The business community has renewed calls for county governments to settle the over Sh100 billion owed to them in pending bills.
Kenya National Chamber of Commerce and Industry (KNCCI) President Richard Ngatia said Friday while the National Government had cleared its share of cash owed to the private sector, counties are yet to pay up.
“I cannot give an exact figure. I can only give an estimate because at the time we were negotiating it was over Sh100 billion. I am not sure whether that has reduced since,” he said.
Mr Ngatia was speaking during the launch of the Kenya Business Awards where 17 Small and Medium Enterprises and government agencies will be feted in different categories in December.
President Uhuru Kenyatta has also called on the county governments to settle the pending bills as businesses continue to grapple with cash flow issues amid a biting credit crunch.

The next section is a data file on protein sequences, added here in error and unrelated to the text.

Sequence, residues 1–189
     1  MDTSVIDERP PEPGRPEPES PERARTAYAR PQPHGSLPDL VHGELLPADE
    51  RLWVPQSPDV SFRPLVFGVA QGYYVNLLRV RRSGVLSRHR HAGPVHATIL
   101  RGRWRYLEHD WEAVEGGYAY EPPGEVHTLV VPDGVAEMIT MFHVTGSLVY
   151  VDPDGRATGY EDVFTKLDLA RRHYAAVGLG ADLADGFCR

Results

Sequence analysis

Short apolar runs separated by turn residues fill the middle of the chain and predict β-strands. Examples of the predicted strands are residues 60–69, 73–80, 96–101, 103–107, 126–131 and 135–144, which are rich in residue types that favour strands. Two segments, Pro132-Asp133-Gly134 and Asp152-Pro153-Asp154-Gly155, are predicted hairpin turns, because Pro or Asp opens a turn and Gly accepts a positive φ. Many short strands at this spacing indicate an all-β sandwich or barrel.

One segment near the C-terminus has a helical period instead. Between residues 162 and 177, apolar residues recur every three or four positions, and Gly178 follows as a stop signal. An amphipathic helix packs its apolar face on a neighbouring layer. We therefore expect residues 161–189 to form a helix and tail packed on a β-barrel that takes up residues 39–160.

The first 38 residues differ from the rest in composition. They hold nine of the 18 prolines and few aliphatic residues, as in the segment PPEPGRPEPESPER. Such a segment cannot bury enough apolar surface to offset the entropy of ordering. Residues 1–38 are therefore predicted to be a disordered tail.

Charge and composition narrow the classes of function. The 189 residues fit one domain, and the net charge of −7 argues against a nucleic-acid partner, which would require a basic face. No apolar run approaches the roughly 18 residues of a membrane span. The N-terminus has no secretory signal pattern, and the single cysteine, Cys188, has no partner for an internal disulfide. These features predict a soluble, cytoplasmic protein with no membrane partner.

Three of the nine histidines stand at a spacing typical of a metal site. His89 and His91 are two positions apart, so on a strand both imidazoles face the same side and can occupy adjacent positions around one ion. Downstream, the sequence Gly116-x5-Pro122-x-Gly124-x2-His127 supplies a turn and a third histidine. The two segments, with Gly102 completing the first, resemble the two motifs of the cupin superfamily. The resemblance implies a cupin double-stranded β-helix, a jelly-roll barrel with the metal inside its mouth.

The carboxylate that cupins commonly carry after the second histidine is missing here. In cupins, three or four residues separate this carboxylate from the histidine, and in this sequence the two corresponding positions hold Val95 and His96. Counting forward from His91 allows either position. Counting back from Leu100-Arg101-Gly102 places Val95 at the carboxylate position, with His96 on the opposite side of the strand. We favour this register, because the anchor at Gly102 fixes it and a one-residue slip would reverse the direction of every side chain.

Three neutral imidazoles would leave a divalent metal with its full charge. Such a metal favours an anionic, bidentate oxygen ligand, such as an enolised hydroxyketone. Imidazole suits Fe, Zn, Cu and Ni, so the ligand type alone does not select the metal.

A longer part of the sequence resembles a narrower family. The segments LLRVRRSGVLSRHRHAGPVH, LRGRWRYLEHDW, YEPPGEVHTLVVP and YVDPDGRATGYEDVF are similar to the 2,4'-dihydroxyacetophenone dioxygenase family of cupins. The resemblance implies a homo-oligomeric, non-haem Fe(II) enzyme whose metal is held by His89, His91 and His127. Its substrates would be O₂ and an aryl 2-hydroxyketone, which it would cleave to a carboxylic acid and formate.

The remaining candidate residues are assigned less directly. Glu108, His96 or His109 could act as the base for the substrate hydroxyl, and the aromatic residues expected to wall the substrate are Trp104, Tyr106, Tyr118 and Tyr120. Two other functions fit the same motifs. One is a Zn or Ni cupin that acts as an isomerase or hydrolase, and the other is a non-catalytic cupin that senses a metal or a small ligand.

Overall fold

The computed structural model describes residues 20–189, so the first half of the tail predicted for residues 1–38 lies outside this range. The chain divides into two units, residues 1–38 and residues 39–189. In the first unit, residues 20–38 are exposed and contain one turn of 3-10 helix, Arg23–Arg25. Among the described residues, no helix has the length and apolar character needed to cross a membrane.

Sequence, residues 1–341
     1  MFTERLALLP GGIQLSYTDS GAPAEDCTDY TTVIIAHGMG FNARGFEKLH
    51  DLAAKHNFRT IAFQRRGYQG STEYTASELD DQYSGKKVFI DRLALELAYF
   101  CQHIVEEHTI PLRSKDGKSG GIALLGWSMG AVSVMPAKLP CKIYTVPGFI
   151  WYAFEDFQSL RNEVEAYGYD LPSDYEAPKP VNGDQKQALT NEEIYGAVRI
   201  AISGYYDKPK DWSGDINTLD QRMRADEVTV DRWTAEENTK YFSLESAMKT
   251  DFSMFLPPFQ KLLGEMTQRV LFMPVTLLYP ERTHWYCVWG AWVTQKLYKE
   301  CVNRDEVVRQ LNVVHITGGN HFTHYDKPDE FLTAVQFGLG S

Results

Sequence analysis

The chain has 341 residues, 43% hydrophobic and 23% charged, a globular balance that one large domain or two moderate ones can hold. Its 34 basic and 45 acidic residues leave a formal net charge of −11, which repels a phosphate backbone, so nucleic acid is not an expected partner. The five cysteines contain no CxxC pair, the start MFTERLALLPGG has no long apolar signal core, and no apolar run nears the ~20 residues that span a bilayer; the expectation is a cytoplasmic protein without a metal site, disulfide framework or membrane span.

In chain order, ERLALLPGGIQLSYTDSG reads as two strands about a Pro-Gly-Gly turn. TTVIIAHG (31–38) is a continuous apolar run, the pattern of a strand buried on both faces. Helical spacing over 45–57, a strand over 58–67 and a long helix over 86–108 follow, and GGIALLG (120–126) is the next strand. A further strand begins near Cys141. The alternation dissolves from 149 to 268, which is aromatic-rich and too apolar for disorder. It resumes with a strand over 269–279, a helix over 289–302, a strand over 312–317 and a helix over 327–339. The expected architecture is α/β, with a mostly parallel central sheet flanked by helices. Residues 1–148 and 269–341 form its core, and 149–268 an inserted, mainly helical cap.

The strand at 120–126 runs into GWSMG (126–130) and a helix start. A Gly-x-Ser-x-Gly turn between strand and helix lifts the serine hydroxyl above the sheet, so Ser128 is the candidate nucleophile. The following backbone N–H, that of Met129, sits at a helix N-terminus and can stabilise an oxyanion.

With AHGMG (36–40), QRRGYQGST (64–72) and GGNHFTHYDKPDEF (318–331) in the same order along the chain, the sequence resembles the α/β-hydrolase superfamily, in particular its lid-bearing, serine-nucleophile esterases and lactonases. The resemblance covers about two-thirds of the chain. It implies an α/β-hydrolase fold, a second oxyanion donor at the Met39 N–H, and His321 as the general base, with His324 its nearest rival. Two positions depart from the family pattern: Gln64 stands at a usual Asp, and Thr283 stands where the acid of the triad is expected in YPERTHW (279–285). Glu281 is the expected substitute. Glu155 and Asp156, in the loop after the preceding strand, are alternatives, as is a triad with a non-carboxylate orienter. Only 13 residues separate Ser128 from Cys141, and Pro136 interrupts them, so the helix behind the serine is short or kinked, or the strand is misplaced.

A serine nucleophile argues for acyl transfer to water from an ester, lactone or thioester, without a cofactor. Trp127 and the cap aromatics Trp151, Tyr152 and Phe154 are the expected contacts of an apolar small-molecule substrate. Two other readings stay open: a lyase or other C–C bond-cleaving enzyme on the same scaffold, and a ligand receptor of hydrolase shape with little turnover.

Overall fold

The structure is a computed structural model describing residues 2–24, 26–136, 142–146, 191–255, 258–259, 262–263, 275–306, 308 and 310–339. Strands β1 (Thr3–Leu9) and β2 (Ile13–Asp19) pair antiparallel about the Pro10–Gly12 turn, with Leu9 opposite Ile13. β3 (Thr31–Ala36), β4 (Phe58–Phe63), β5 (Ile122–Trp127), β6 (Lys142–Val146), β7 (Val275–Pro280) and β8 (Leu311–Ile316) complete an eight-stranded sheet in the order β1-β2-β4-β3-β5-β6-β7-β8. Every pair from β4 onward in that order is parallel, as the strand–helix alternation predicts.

- 1 Was Raila Odinga statement on MCAs’ car grant true?
- 2 Nairobi to pocket Sh20 billion in new revenue share plan
- 3 Cost of BBI to be factored in budget
- 4 Hoteliers protest decision to cut tourism budget
“The only prayer that we have as the Kenya National Chambers is that once the county governments receive the money from the national government, let it go to the intended use,” said Mr Ngatia.
A recent report by Genghis Capital puts pending bills at Sh400 billion, which have been accumulated by counties and the central government over the last few years. Official estimates are, however, unavailable, with the Controller of Budget as of June this year putting counties’ and the national government’s debt to suppliers at more than Sh200 billion.
A Treasury report to the National Assembly showed that the State owes local traders about Sh29.3 billion, though suppliers insist total pending bills run into hundreds of billions.
“The latest Quarterly Economic and Budgetary Report cites Sh29.3 billion as the pending bill in 2017/18 financial year. However, this amount does not consider cumulative pending bills of the previous years and the on-going bills in the current fiscal year,” said Churchill Ogutu, senior research analyst at Genghis Capital in an earlier analysis.